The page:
Why isn’t fatigue considered a serious endometriosis symptom?
“During my GCSEs I was wiped out for three weeks with mysterious fatigue, which doctors assumed was a virus they couldn’t name or detect,” says 30-year-old Jessica, a writer and founder of ThisEndoLife. “No one ever knew what was wrong with me and didn’t seem very bothered by these issues, so I always just assumed I was a weak person.”
Jessica was diagnosed with endometriosis when she was 24 or 25, after first going to seek help at the age of 19, when she started experiencing pain during sex and extremely painful periods. However, she spent her entire teenage life with severe fatigue, bloating and IBS issues, without ever considering they could be linked to endometriosis.
Making the link between endo and fatigue
It was only years later, when her boyfriend came with her to the clinic, that she even got a referral for endometriosis. “Despite this, no one even considered fatigue as a factor in my symptoms, even though it was getting progressively worse over the years, and affecting my life,” says Jessica. “I think having the fatigue kick in so young made doctors not take me as seriously. I guess it was easier to dismiss it as stress from schoolwork.”
When it comes to endometriosis and fatigue, fatigue has always been considered a secondary symptom. Perhaps this is primarily because endometriosis is a disease that affects the reproductive organs. With the condition, the cells that normally line the womb grow elsewhere in the body, and still shed with your menstrual cycle. Unfortunately, with nowhere to go, this shedding simply remains in the body as scar tissue, causing intense pain, heavy periods, and, in some cases, infertility.
Fatigue isn’t just being tired. It’s like your entire life is put in slow motion or paused entirely. I was forgetting words, and forgetting tasks I was supposed to do.”
While these are all horrible, and dangerous, symptoms in themselves, overlooking the impact of fatigue and its relation to endometriosis can also be dangerous. “Even when I was diagnosed with endometriosis, no one explained the symptoms to me, no one said fatigue was part of this,” says Jessica. “It took a lot of research for me to discover that so many issues in my body were linked to endometriosis, especially the fatigue.”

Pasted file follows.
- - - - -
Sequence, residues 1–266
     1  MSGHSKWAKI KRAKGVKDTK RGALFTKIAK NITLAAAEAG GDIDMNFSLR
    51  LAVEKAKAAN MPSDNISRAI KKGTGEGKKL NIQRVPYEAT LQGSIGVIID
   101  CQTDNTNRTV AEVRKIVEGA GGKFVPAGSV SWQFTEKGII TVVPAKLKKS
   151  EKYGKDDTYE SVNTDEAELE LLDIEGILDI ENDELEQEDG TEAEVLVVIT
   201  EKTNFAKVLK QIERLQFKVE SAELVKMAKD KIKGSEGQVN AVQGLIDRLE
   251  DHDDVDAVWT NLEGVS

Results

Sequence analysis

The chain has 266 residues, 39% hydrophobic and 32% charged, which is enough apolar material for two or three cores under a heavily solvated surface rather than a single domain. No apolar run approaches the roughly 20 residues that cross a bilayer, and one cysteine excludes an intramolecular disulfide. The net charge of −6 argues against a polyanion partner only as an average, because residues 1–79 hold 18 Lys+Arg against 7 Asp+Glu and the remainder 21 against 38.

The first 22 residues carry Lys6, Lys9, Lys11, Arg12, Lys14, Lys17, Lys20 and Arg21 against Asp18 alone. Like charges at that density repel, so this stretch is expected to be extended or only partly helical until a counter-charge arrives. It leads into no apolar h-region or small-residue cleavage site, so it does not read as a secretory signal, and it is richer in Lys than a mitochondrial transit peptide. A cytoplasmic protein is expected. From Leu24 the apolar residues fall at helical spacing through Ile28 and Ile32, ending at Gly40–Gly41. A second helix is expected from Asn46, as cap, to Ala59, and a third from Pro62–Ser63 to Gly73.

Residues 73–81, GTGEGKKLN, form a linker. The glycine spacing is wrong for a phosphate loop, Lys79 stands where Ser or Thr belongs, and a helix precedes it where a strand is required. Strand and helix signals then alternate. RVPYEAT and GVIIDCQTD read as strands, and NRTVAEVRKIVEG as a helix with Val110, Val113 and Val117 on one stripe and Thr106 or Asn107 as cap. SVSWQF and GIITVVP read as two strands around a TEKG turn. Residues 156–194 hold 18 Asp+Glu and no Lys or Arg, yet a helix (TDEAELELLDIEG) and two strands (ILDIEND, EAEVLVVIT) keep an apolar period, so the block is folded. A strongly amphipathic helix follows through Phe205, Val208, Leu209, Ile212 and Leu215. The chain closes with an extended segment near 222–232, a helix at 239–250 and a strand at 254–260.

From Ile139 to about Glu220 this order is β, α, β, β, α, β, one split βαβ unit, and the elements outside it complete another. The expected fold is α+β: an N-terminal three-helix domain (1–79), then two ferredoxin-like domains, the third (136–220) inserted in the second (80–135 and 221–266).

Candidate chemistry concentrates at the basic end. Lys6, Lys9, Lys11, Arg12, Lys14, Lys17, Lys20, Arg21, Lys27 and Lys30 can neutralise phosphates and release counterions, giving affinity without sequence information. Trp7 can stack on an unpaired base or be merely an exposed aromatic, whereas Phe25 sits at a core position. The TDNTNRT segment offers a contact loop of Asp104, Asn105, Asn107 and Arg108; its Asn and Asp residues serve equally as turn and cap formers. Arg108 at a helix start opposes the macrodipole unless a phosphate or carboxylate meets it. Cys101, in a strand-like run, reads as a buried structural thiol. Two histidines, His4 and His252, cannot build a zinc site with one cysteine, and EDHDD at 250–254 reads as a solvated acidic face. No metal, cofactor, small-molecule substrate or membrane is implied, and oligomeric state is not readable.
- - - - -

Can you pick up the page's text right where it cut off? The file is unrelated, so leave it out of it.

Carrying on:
For 33-year-old Jerrica, an assistant professor of biomedical sciences, however, fatigue was one of the first symptoms she actually went to her doctor for, despite first seeing other endometriosis symptoms at the age of 13, which were brushed off as typical period pains.
“When I was 24, I suddenly began falling asleep in the middle of the day and lacking the energy to do activities I had always done,” she says. “I was a very active person throughout high school and college, spending 6-10 hours a week at dance practices, then suddenly I couldn’t do it anymore.” While her doctor took her seriously, and did blood tests and a sleep study, it was never linked to her other symptoms: doctors just thought she was stressed.
Lack of awareness
Few studies have been done to determine the link between endometriosis and fatigue, perhaps more evidence that no one real considers it a “real” symptom. However, a new study has explored the extent of this link, and found that nearly everyone who has endometriosis has fatigue – and not just when they are menstruating.
The results – that 50.7 percent of women with endometriosis reported frequent fatigue, which remained true even after the researchers took other factors into account – suggest that fatigue is a stand-alone symptom of endometriosis.
Jessica definitely believes that the unfortunate lack of awareness about endometriosis among GPs is damaging. “As a result, they only know the very obvious and ‘directly’ related symptoms, such as pain in the pelvis or pain with sex,” she says. “The press are paying more attention to endometriosis these days, which is great, but they mainly want to hear stories about pain and infertility. It’s the same with doctors.”